RAINYDAYLEAVESJUNE2 JUNE 2 2015Misty rain this morning, soft, refreshing.  I feel like a cucumber in the produce aisle.  The raindrops have transformed flowers and leaves into crystalline wonders, decked out in pearls and lace.  I couldn’t help taking a few pictures on my hike up the hill interrupted midway by catching a ride with G. in her Lexus.

I sat down to knit at 8:28.  D. crossed the street with a plate full of goodies for the sick neighbor, picking up her newspaper en route to the front door.  “Another lovely day in Bellingham,” he joked.  I asked him what he made for breakfast and he said, “Bran muffins…But I didn’t make them, C. did.  I’m just the delivery boy!”  Later C. and D. drive away in their tiny blue car, I catch a glimpse of their faces smiling and waving through fogged up windows.

Yesterday my friend M. sat on the bench with me in a crosslegged position wearing a labyrinth pendant around her neck.  I found out that she is the youngest of 3 kids.  Almost all my friends are either an only child or the baby of the family.  My theory is that their lightheartedness and easy self-acceptance balance out my oldest child’s uber responsible, perfectionistic nature.  To this day, I still feel apologetic if I have too much fun.  We exchanged stories of our childhood.  I had an older foster brother who sexually abused me, and 6 younger siblings.  Nothing was “normal” from about the age of 12 on.  My adopted sister’s heart began failing while I navigated puberty and dodged my arch nemesis, the blond bully Crystal Maddox, in 7th grade.  Every morning, I watched my sister refuse to eat despite my dad’s attempts to ply her with bacon and Ensure.  Because of her health problems, she was always skinny from the get go–like a poster child for malnutrition with a huge smile that lit up her brown face–but now she was impossibly even skinnier than her usual stick figure.  Then one day she died sitting on the toilet propped up by my dad.

The next two years were a blur as we moved back to Thailand and tried to go on with our lives as if nothing had happened.  Then, one day my mom got a phone call on her birthday from a nurse who was taking care of a baby abandoned by a teenage mom with HIV.  She wanted to know if my parents would take care of the baby.  I was 13 or 14.  My mom said yes through a waterfall of tears.  My parents named him Moses, or “Mo” as we called him, in hopes that like his biblical namesake he would escape Pharoah (AIDS), floating on a basket incognito through the reeds.  For a year or more, we hoped against hope, watching his anti-body count swing up and down and falling in love with our rolly polly, baby brother.  But by the time I was 16, he had full-blown AIDS.  Helplessly, I watched him turn into a walking skeleton, his body emaciated by diarrhea, his skin erupting in pussy skin sores.  Meanwhile, my mom had given birth to my youngest brother Nate.  I kept trying harder to take care of my parents and siblings and get straight A’s in school, meanwhile hating myself for being so depressed and angry.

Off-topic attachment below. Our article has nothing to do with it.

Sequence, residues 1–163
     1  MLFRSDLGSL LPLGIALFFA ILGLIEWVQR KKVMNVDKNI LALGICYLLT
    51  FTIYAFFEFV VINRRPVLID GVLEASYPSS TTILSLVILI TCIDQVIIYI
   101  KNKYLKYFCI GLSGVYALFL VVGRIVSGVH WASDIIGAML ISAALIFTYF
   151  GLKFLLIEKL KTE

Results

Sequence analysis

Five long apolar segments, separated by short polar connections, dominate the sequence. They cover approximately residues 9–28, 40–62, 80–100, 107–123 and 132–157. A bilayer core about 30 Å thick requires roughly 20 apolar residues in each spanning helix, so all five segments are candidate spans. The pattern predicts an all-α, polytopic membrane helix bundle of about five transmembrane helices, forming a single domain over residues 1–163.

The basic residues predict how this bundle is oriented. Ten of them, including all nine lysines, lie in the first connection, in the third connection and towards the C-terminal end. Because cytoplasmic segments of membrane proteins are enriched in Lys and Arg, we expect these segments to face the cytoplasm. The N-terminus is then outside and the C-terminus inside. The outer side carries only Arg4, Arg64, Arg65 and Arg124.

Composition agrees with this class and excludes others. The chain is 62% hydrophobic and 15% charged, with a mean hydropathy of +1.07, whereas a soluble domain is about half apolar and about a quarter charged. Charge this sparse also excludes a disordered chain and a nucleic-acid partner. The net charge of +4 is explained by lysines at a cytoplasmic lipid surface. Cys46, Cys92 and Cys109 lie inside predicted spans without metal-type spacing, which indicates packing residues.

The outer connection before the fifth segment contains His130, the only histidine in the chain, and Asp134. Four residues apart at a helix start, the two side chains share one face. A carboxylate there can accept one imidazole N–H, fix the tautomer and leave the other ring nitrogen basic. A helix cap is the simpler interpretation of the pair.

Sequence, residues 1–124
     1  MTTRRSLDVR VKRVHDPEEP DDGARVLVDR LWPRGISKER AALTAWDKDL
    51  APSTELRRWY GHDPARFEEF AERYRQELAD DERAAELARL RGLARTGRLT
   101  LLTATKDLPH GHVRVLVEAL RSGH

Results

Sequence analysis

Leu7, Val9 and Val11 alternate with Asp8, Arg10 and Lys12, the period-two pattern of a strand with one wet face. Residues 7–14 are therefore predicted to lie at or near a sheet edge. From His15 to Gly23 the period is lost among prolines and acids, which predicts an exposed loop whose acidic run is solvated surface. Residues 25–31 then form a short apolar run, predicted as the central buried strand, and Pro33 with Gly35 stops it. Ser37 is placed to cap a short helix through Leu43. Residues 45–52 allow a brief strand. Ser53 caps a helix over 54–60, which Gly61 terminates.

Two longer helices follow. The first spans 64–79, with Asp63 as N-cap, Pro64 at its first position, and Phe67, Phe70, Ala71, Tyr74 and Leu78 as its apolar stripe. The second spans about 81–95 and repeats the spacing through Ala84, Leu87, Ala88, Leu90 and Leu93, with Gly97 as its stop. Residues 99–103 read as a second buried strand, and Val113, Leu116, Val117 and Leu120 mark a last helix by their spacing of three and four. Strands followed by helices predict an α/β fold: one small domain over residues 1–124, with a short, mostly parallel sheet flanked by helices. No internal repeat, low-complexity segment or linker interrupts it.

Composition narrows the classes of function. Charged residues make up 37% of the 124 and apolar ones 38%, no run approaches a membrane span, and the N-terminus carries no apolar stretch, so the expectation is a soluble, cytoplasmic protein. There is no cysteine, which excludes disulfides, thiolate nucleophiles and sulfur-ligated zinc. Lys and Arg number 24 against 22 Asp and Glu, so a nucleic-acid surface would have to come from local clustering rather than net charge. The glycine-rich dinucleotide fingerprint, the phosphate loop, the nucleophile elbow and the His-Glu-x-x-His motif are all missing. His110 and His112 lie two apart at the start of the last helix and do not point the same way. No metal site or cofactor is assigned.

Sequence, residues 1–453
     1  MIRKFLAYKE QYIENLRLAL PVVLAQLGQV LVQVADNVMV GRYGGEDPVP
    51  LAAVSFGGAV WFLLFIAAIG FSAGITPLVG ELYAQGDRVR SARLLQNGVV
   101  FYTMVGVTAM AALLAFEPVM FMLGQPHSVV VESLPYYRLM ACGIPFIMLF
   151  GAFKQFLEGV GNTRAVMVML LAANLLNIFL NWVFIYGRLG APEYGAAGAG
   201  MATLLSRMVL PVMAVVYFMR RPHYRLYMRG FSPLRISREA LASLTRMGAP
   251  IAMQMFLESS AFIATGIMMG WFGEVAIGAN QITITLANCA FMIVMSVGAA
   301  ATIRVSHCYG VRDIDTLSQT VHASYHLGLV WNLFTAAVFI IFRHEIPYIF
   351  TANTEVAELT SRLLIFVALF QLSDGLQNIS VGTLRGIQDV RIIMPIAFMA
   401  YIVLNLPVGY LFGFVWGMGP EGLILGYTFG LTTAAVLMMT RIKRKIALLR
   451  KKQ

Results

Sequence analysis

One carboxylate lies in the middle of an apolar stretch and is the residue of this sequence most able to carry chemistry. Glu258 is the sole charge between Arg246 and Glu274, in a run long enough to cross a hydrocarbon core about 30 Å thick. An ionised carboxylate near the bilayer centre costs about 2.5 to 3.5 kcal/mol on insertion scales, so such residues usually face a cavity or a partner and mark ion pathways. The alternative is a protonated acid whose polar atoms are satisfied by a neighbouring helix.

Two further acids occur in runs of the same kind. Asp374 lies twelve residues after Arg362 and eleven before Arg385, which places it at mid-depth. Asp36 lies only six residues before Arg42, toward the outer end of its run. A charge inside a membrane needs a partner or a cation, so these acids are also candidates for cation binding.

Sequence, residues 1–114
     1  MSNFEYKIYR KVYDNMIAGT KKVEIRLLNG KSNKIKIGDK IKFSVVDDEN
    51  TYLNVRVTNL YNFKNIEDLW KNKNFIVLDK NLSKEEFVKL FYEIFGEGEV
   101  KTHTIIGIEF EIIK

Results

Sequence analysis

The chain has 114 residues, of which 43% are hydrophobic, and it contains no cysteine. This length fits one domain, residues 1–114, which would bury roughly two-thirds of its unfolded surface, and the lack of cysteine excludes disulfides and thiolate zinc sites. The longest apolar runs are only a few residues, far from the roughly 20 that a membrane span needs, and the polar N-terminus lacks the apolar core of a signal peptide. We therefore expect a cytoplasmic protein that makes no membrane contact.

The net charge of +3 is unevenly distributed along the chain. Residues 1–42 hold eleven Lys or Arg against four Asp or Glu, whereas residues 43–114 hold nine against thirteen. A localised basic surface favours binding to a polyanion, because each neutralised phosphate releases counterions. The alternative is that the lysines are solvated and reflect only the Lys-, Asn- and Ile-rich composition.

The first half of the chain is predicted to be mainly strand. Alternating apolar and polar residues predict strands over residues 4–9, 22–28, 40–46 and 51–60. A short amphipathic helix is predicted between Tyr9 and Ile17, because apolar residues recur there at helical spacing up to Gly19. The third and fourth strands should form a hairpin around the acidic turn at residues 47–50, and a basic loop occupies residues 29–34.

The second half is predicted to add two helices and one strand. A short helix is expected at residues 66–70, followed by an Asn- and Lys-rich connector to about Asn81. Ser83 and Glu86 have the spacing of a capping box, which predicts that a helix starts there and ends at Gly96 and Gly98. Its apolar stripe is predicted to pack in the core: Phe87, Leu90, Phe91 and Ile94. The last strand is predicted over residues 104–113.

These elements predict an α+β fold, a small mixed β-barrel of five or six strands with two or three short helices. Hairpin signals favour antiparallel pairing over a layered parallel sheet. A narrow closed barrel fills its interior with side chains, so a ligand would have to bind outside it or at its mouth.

So much has changed for the better in my outlook since then.  Yet nothing is ever the same after you’ve lived through an ordeal of this magnitude.  It’s as if the world’s suffering entered our home and our hearts.  I go about my life in the midst of affluence but I can’t completely forget that on the other side of the cardboard wall of my consciousness, there are people enduring more than I can imagine.  I tell myself that going about life with a furrowed brow, tight shoulders, and a heavy heart doesn’t aleve the pain in the world.  But I don’t know how to hold the suffering that exists in the world and the pleasure that is mine without feeling a tinge of unease, even guilt.  Closer to home, I don’t know how to hold the awareness that at any moment, another tragedy could erupt in my life.

I come back to my knitting.  I tell G. to enjoy the raindrops, and she says, “Yes, we’ll have fresh, dewy faces.”  And I yearn for her innocence.


2 thoughts on “Yearn

  1. ravenandsparrow says:

    Oh my. We all are wading in the River of Pain, aren’t we? The Buddhists counsel acceptance of this fact of life, but nobody says it doesn’t hurt. Love to your adopted siblings, whose pain has ended, and to you still carrying them across.

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